FAIL: Half of Americans Flunked Our Road Sign Test

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Pass or fail? We tested Americans on their road sign knowledge and found that roughly half couldn’t correctly identify the “No Passing Zone” sign. Other difficult signs were “Railroad Crossing” and “School Zone” signs. It has likely been a while since your drivers’ license exam, but our findings revealed that most Americans need a road sign refresher. 

We surveyed 1,000 Americans and found:

  • 49% failed to recognize the “No Passing Zone” sign. 
  • 41% couldn’t identify the “Railroad Crossing” sign. 
  • 25% misidentified the “School Zone” sign. 

Not knowing these road signs can cost you hundreds of dollars or more. Passing in a no passing zone, ignoring railroad crossing warnings, and speeding in a school zone can lead to expensive traffic citations and higher rates on your car insurance. 

For this survey, we removed the text and images from each road sign and provided multiple choice answers. Here’s how they fared:


Road sign knowledge was about the same across all age groups. However, slight declines can be seen in both the youngest (18–24) and oldest (65+) generations. This may be in part due to lower driving populations in each group. 

Half of Americans failed to recognize the “No Passing Zone” sign

This yellow pennant shape is reserved for “No Passing Zone” signs. However, with the text removed nearly half of Americans couldn’t identify it. Respondents mistook this sign for a school zone (27%), signal ahead (14%) and deer crossing (8%). 


 No passing zones are commonly found near hills or sharp turns where visibility is limited or in high-traffic areas where it may be unsafe to pass. In addition to the sign, lane demarcations also alert drivers when it’s safe to pass and when it isn’t. Passing in a no passing zone can result in a ticket, which in turn can raise insurance rates. 

How much will you pay for violating this rule?

  • Passing in a no passing zone: $200+

41% weren’t on the right track for the “Railroad Crossing” sign

Without its notable black ‘X’, many Americans mistook the “Railroad Crossing” sign for another roadside warning. However, yellow circular signs are reserved for railroad crossings. In other cases, white crossing signs, railroad arms, flashing lights, and lane marks may be used to warn drivers about an approaching railroad. Survey respondents incorrectly thought this sign signaled a roundabout (16%), school bus stop (13%), and pedestrian crossing (12%).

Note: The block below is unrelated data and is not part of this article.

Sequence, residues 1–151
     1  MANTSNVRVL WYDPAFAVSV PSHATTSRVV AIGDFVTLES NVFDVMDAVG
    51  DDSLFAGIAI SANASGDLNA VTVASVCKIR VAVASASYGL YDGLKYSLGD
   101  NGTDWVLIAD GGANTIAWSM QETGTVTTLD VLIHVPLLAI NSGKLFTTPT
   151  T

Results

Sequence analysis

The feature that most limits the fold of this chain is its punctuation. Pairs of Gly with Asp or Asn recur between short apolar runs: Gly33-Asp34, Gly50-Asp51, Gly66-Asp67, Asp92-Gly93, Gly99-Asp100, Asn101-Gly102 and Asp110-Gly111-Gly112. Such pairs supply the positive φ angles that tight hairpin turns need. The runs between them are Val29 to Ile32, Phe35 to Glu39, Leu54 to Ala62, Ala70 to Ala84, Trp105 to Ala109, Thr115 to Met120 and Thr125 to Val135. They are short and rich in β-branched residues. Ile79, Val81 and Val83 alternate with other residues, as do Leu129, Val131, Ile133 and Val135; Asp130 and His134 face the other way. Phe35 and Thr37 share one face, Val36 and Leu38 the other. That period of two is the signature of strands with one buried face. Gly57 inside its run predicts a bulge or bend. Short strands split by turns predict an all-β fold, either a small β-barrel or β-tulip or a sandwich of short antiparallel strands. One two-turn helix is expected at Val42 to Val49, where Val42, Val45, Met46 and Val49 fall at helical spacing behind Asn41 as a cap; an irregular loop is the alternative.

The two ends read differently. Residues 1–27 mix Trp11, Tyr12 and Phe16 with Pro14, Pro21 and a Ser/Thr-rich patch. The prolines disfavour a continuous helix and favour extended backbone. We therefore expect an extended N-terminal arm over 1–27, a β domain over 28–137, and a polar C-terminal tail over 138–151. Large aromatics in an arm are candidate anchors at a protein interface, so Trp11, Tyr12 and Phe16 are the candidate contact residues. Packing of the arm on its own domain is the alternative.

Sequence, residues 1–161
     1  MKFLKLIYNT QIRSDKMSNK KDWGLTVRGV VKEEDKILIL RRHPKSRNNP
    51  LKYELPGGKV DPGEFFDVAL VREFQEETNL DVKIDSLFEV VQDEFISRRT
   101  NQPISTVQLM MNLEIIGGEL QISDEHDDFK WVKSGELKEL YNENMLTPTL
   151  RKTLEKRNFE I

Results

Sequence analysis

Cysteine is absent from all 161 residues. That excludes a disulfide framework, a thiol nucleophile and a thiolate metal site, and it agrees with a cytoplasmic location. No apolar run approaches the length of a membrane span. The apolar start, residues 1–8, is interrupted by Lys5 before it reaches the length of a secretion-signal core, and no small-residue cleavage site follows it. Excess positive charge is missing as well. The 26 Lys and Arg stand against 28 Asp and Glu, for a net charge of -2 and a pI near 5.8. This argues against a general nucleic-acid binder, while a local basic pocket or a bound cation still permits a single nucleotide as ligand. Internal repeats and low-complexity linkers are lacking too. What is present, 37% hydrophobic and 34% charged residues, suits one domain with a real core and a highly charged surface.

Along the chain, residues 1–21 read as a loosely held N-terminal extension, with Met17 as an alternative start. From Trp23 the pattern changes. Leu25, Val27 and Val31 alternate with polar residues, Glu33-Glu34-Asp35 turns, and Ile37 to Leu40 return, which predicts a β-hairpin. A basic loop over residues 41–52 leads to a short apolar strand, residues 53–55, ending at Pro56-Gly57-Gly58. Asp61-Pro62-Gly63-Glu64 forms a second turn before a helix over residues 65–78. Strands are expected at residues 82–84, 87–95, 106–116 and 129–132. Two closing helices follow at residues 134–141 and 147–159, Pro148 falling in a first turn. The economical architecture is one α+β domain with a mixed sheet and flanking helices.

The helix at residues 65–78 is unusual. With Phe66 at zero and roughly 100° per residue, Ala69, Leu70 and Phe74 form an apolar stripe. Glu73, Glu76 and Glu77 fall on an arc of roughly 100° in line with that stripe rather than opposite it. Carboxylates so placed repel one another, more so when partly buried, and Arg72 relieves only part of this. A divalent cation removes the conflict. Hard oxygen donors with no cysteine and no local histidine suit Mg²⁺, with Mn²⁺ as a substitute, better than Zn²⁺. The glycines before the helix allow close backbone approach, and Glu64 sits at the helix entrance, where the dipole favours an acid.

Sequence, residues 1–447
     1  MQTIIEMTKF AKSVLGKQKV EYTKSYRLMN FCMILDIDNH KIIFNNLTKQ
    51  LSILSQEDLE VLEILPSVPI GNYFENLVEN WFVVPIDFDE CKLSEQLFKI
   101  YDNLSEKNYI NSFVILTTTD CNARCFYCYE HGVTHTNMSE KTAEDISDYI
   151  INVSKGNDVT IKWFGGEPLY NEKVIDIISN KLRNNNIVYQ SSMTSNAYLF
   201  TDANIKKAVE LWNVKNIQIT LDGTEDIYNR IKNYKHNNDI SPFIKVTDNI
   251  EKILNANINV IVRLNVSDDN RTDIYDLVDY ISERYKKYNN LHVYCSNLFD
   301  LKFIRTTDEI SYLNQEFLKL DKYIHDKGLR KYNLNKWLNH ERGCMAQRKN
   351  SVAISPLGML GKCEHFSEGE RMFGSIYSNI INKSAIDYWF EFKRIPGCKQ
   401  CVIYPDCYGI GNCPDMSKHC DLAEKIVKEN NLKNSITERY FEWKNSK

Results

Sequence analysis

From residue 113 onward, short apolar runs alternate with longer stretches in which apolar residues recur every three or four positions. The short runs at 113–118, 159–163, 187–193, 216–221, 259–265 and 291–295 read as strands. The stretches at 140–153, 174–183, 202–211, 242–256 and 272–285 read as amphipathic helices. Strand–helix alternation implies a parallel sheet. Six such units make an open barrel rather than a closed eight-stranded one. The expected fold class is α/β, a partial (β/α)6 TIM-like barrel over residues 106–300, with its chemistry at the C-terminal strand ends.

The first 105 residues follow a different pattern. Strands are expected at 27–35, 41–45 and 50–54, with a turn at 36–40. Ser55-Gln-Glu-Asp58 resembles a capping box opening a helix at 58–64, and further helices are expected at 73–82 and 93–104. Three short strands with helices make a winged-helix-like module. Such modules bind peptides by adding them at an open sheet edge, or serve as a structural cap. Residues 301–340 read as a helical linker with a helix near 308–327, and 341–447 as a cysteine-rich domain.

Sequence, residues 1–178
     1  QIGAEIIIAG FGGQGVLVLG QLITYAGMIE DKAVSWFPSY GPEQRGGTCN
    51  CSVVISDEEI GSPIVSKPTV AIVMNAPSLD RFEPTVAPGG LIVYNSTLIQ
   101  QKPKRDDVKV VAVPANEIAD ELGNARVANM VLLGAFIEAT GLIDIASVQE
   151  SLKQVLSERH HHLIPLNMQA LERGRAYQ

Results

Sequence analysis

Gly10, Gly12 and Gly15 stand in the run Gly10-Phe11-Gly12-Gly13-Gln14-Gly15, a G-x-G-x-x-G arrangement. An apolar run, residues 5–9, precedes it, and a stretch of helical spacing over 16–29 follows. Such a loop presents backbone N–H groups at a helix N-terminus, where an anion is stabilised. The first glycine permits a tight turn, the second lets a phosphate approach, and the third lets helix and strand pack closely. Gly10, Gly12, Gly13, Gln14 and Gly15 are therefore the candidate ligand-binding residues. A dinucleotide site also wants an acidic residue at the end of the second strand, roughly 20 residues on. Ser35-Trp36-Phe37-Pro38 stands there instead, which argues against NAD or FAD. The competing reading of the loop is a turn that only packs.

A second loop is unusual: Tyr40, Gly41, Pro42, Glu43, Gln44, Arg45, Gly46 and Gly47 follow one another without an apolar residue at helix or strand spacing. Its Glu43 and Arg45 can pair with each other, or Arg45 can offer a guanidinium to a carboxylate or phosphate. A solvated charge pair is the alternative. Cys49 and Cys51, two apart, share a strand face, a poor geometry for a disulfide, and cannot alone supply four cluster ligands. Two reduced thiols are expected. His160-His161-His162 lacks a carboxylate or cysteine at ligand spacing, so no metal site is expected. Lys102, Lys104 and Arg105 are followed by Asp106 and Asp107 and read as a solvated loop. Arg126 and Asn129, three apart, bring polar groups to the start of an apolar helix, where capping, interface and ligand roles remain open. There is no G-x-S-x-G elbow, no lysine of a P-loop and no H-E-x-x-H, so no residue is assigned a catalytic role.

Driving violations involving railroads can range from illegally stopping on the tracks to driving around lowered crossing arms. Both of these behaviors are dangerous and sometimes fatal. In 2018 alone, there were 2,217 collisions involving vehicles and trains which resulted in 262 deaths and 840 injuries. Many cities have recently doubled fines to heighten public awareness. 

How much will you pay for violating this sign?

  • Stopping on railroad tracks or ignoring warning signs: $200–$500+

25% need to study their “School Zone” signs

Many more Americans (75%) were able to correctly identify the “School Zone” sign but a few still need to hit the books. This yellow pentagon-shaped sign warns drivers to slow down and watch for children crossing the road. Special school zone speed limit signs may also be posted in addition to neon yellow signs and flashing lights. Those who missed the question selected work zone (13%), deer crossing (9%), and stop ahead (3%).


Speed limits and cell phone restrictions are strictly enforced in school zones due to the number of children and pedestrians present. That also means school zone violations can be more costly than other traffic tickets. 

How much will you pay for violating this sign?

  • Speeding in a school zone: $100–$350+
  • Using a cellphone in a school zone: $200+

All three of these road signs warn of potential hazards to protect yourself and others. Violating these rules of the road or receiving a ticket for other offenses could impact your insurance cost too. Study up on other important road signs by taking our interactive quiz to see how well you score. 


This study was conducted for The Zebra using Google Consumer Surveys. The sample consisted of no less than 1,000 completed responses per question. Post-stratification weighting has been applied to ensure an accurate and reliable representation of the total population. This survey was conducted in November 2019.

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Taylor CovingtonContent Researcher

An in-house qualitative researcher for The Zebra, Taylor collects, organizes, and analyzes data to shine a light on trends in the insurance industry and beyond. Taylor's data studies have been cited by Yahoo Finance, The Atlantic, MSN, PolicyAdvice, Fox Business, The Simple Dollar, Hippo Insurance, and Bloomberg.

In her hometown of Austin, Texas, she can be found reading at Half Price Books or eating the world's greatest pizza at Via 313.